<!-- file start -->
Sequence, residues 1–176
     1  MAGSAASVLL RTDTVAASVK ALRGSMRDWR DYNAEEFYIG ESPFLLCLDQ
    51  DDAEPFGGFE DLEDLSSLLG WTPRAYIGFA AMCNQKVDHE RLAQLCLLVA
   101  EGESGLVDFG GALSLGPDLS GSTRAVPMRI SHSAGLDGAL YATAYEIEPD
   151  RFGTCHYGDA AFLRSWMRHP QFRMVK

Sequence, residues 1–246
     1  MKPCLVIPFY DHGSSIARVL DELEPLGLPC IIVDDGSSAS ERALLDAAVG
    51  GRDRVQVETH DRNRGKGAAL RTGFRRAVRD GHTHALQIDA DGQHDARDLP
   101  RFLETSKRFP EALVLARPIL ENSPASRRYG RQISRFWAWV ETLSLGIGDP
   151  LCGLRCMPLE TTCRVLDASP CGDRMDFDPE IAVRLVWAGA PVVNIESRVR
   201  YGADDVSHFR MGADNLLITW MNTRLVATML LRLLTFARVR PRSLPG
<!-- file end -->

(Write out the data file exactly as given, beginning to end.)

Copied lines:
Sequence, residues 1–176
     1  MAGSAASVLL RTDTVAASVK ALRGSMRDWR DYNAEEFYIG ESPFLLCLDQ
    51  DDAEPFGGFE DLEDLSSLLG WTPRAYIGFA AMCNQKVDHE RLAQLCLLVA
   101  EGESGLVDFG GALSLGPDLS GSTRAVPMRI SHSAGLDGAL YATAYEIEPD
   151  RFGTCHYGDA AFLRSWMRHP QFRMVK

Sequence, residues 1–246
     1  MKPCLVIPFY DHGSSIARVL DELEPLGLPC IIVDDGSSAS ERALLDAAVG
    51  GRDRVQVETH DRNRGKGAAL RTGFRRAVRD GHTHALQIDA DGQHDARDLP
   101  RFLETSKRFP EALVLARPIL ENSPASRRYG RQISRFWAWV ETLSLGIGDP
   151  LCGLRCMPLE TTCRVLDASP CGDRMDFDPE IAVRLVWAGA PVVNIESRVR
   201  YGADDVSHFR MGADNLLITW MNTRLVATML LRLLTFARVR PRSLPG